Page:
Our main event saw Darren Young take on long lost brethren, John Cena. This being the final match of the night, featuring a guy who was previously described as ‘the weakest link’ in Nexus, it was clear that Young wouldn’t be winning, but again, like Slater, he put on a good showing for himself, especially seen as he was taking on Cena. Indeed, Young had the majority of the offence, and in the end, the story was one of Cena simply outlasting and overpowering the youthful Young, who eventually tapped out to Cena’s STF. Nexus had been watching avidly from the stage, ostensibly to intimidate Cena, and as soon as Young lost, they made their way to the ring. Instead of attacking Cena though, they gave him an exit route before surrounding Young in familiar fashion. Ignoring Young’s apologies, the Nexus set upon the loser, obliterating him with various finishing moves, finishing with the 450 Splash, and with that, Nexus was a man lighter, but sold as stronger than ever having gotten rid of their ‘waek link.’

It will be interesting to see what happens to Darren Young. During the beat-down, I half expected to see Daniel Bryan attempt a save. I could certainly see them teaming up in the coming weeks (maybe against Miz and Riley), but apart from that, it’s difficult to see where he will figure in the shuffle. Despite his good showing, it’s difficult to see where the relatively small fish will survive in the gigantic RAW pond.

RAW Recall (26/07/2010): ‘You’re Either Nexus, Or You’re Against … Each Other’

Members of Team RAW start to splinter

The unity between Team RAW of last week instantly and almost completely collapsed this week during the opening segment of the show. Cena came out to maintain momentum following his announcement last week of an opposing team to Nexus, however, after referring to it as ‘his team’ once too often, consumate egoist Chris Jericho hit the ring to put Cena in his place. This promo solidified really well some of the most important themes of this storyline. Most importantly, Cena talked about how the battle was ‘for the business,’ and not about him – quite a relief. Jericho also added an interesting dynamic: saying that Cena is just as destructive to the industry as Nexus, in terms of fighting and pushing others aside for his own prominance (echoing the IWC perhaps?). This sentiment sets the Summerslam match up for the betrayal that many of us want to see.

Then, in some of the most surprising booking this year, Randy Orton took on Jay Uso. Every match on this week’s card was more about promoting Summerslam angles, and this was the same. This was little more than a squash to make Orton look strong, but the booking was refreshing, and the Uso’s will have gotten something of a rub from it. All the while, Sheamus was at ringside, and in the post-match afters he tried to get one up on his #1 contender, instead, hitting his Brogue Kick on Jimmy Uso who was also trying to make a name for himself and eventually eating an RKO. Cue the celebrity stalker, The Miz, again attempting to cash in his MITB contract, well, at least he was going to, until Orton hit another RKO on the (probable) future WWE Champion. I really like the Miz-MITB abgle, in which he’s always on Sheamus’s back, though I hope Miz’s continuous scupperings don’t point to a lack of success in cashing in.

For the first time in years, The Great Khali was meant to look like a big-time player, as he had a verbal and physical confrontation with Edge. This led to a typically (for Khali) in-ring encounter which ended rather strangely. Nexus came towards the ring, apparantly looking to feed of the scraps from Team RAW’s disagreements. Edge fleed and Khali stayed, and after forming the familiar surrounding formation, Nexus let him go. This was out of character for Nexus, and while I would think Khali would be the last person to be given the post of traitor, make a note of that moment.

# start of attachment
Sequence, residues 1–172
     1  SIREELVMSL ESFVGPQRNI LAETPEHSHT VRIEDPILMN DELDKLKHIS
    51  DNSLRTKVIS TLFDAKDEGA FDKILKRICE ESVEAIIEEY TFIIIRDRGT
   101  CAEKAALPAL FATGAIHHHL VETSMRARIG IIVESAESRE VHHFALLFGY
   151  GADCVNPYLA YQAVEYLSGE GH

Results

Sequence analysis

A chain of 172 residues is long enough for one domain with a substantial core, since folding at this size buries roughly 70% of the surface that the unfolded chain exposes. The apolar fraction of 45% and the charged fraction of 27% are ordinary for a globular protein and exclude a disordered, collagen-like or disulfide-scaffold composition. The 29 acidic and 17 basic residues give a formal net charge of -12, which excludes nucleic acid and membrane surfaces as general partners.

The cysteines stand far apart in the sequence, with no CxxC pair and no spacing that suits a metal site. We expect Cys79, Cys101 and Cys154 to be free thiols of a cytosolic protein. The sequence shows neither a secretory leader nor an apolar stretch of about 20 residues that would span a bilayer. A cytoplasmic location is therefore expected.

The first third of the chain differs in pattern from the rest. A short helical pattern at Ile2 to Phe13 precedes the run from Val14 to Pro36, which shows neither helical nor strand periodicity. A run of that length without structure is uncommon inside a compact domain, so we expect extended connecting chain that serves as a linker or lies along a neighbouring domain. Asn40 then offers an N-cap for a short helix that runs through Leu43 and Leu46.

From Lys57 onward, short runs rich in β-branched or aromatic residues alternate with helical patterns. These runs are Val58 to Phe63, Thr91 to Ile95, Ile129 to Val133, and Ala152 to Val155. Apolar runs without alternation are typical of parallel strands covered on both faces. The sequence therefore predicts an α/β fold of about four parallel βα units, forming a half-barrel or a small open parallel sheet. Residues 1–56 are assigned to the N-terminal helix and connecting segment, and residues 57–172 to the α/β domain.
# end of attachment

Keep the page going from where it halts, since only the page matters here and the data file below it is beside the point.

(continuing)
In what was billed as a taster to the big Summerslam main event, Nexus took on the slightly less impressive RAW team of Evan Bourne, Tyson Kidd, DH Smith, Yoshi Tatsu, Golddust, Mark Henry and Jerry Lawler. Surrounded by splinters in the RAW team, this match was a great metaphor for the contrasting tight-knitted nature of the Nexus. One-by-one, each Nexus member got to put away a RAW superstar, cleaning house. This was followed by a strong set of promos by Wade Barrett, Michael Tarver and Skip Sheffield, really growing in to their roles. On another note, I noticed during the eventual beat-down of Bourne that Justin Gabriel (who I had no interest in during NXT) is growing in to a very striking heel.

We then had an uninspiring divas match between Alicia Fox and Brie Bella. The only up-sides being a nice conceit where Jillian Hall stopped the Bella’s ‘switcheroo’ move, helping Fox claim the win; and A. Fox was made to keep looking strong with her deadly axe-kick.

In another match that was more about the splits in Team RAW, Ted DiBiase took on John Morrison. The match was ok, with a very effective finish. R-Truth was on commentary, and on-hand to first save the match for Morrison and then inadvertantly cost him the match. Despite seeing on the tron that it was all an accident, Morrison seemed pissed at Truth, and even looked on the brink of a welcome heel turn, and one that would set up the rumoured MNM reunion to come.

Our main event was quite a breath of fresh air, with Jericho tagging with Cena, and Sheamus tagging with new main-eventer, The Miz. Throughout the night, Miz had been chipping away at Sheamus’s patience, with Sheamus seeming genuinely distraught at Miz’s actions – making Miz seem credible as a main-eventer. The match was pretty good, with some good and unique storytelling between the four superstars. Finally, Jericho, a’la Invasion, 2001, turned his back on his partner, hitting him with a Codebreaker. Miz also demonstrated his prowess as an opportunist, tagging out Sheamus and getting the cover on Cena, making him look very threatening as a MITB brief-case holder. All this dissention made Team RAW split apart yet further, as Jericho locked the Walls of Jericho on Cena, then Cena using his STF on Jericho, before Khali and the rest of team RAW came out to try to calm the situation down, only worsening the situation, with pushing, shouting, finishers, disagreements and inter-fighting. The egoism of Team RAW contrasted completely with the perfectly unified Nexus, still harbouring their secret agenda.

The momentum is now squarely with Nexus, and a nice bit of storyline progression thoughout the night, rightly placing the invasion central to the RAW climate.